My body, my choice.
It is such a simple phrase, yet it sums up an attitude that seems quintessentially modern and yet sad as well.
Over the years, “my body, my choice” became a slogan for the pro-abortion movement. The idea that a woman was the master of her body included mastery over the unborn child that she carried inside of her.
“My body, my choice” fits a particularly modern mindset. It was a phrase that could be stretched to include everything from a teen’s demand for a tattoo to a grandmother’s request for physician-assisted suicide. It is my choice, regardless of social impact or consequences, and the only person who can make that determination is me.
So it is a disturbing irony that people who may think they have little in common with abortion proponents or suicide advocates would adopt the same slogan to defend their unwillingness to take a COVID-19 vaccine. “My body, my choice” has become one of the catchphrases for some in the anti-vaccine and anti-mandate movements. Despite whatever social need there is to stop a public health crisis, what matters is not the recommendation of health experts or the decisions of political or military leaders, but one’s own preferences.
Of course, many vaccine opponents have legitimate reasons to seek exemption to vaccine mandates. Although the Catholic Church has deemed it “remote material cooperation,” the fact that cell lines derived from fetuses aborted in the early 1970s were used in testing and in some cases development of many vaccines and medicines is of great moral concern for some. The Church has urged scientists to refrain from using these cell lines.
Some are distrustful of the science, distrustful of what they see as an overreach of government mandates, or simply more confident that their own immunity from having had the virus will protect them.
For those who are following their conscience in these matters, it is important to stay informed and of course to follow standard protocols for social distancing to protect those who are most vulnerable. For the toll of the pandemic is truly horrific: One in 500 Americans has died from COVID-19. On the national mall, 700,000 white flags fluttered in commemoration of those who died in just 19 months, a grim toll that continues to climb, more often than not claiming the lives of the unvaccinated and the most vulnerable.
While there are legitimate reasons of conscience for opposing vaccines that must be respected, I don’t believe that the argument “my body, my choice” is one of them.
The response to the pro-abortion argument “my body, my choice” is that it is not just your body. There is another human being alive in you who is biologically and genetically distinct. The idea that that human person lives or dies based on the desire of another, more powerful person is morally wrong.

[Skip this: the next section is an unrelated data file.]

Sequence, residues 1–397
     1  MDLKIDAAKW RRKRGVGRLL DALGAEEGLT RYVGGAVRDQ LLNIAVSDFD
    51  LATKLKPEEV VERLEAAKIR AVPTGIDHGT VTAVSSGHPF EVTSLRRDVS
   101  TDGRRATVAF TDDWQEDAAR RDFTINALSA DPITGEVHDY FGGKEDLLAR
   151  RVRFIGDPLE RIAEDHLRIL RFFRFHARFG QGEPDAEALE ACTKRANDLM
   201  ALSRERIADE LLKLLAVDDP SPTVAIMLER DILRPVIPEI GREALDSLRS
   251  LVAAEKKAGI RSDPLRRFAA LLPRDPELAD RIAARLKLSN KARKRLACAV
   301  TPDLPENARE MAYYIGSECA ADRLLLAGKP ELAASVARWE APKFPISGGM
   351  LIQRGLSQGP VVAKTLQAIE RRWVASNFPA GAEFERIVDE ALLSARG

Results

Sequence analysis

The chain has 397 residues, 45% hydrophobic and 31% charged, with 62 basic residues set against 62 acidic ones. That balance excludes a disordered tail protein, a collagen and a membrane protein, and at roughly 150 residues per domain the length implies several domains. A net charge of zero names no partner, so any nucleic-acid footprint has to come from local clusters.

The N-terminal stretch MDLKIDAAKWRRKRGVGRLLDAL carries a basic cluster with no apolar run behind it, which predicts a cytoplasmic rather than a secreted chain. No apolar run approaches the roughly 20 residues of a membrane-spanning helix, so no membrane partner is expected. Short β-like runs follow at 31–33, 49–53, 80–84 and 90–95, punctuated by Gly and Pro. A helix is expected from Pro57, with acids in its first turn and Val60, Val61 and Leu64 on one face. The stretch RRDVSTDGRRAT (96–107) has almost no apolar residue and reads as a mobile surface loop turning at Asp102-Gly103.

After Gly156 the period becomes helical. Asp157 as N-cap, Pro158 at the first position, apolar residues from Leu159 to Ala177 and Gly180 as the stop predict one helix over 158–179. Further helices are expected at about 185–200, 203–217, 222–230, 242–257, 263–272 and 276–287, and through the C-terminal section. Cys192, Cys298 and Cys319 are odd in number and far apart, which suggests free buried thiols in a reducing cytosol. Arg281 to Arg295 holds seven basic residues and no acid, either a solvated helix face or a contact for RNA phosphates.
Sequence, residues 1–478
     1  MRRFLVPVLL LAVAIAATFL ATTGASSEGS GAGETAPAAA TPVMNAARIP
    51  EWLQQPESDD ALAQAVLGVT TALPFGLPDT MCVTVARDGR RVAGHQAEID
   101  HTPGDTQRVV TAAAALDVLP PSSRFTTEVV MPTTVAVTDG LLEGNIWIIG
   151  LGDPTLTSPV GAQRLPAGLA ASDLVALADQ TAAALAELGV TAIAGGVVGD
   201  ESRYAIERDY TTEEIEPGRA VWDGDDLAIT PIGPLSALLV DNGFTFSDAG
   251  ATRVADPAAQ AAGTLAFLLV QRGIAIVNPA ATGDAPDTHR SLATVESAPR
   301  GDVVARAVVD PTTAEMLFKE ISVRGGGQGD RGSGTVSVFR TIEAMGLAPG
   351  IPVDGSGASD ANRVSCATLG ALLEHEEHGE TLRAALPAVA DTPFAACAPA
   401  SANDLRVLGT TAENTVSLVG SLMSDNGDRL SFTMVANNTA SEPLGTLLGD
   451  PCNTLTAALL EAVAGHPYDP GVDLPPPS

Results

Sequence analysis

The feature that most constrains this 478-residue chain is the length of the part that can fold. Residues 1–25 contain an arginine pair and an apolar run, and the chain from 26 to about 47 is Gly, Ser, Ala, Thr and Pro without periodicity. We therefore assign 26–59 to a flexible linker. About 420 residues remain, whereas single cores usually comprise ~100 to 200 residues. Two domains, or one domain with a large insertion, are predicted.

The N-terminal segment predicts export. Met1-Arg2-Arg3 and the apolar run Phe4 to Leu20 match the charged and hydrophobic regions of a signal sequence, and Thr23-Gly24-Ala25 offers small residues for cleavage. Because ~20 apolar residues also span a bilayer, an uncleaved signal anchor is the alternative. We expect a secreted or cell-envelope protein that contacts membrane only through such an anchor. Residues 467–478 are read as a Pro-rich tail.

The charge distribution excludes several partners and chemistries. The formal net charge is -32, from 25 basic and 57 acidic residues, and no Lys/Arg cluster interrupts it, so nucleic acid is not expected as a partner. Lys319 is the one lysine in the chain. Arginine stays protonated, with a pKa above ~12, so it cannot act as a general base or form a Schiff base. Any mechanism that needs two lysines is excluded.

And the response to those who demonstrate against vaccine or mask mandates while shouting, “My body, my choice,” is similar. It is not just about you and your body. If you could be guaranteed not to be an asymptomatic carrier, if you could be guaranteed not to spread the disease to someone who was immunocompromised, if you could be guaranteed that you would not kill or cripple another person, then perhaps “my body, my choice” would make some sense. If you could guarantee that the only person hurt would be yourself, perhaps it would be tolerable.
Death of loved ones or strangers is not the only risk. Long-term or even permanent damage is an under-reported phenomenon of COVID-19: Long haulers, those who suffer from COVID-19 aftereffects for months and years, or those whose bodies have been so damaged they may be on oxygen or in need of intensive care for the rest of their lives.
The slogan is itself reflective of a kind of street-corner libertarianism, a folk philosophy that crosses the left-right political divide. It makes personal autonomy the highest good, and in so doing it challenges notions of the common good and social justice. It is a philosophy no longer just of the well-off and self-sufficient, but of populist resentments. And it poses a grave threat for the Church.
Laying down one’s life for another is the Christian response. We follow a savior who offered up his life for the many. The models for Christian sacrifice today are the doctors and nurses caring for the grievously ill who fill the ICUs and, too often, the body bags. The Church is asking all of us to consider what is best for the common good, what sacrifices we can make to protect the weakest.
We all struggle to make the best choices in a difficult situation, following the science and following our conscience. But let’s put aside the cheap slogans that reflect an ideological selfishness.
In the words of the pro-life movement, let’s choose life: Seeking the best for our community and mindful always of the weakest and most vulnerable among us.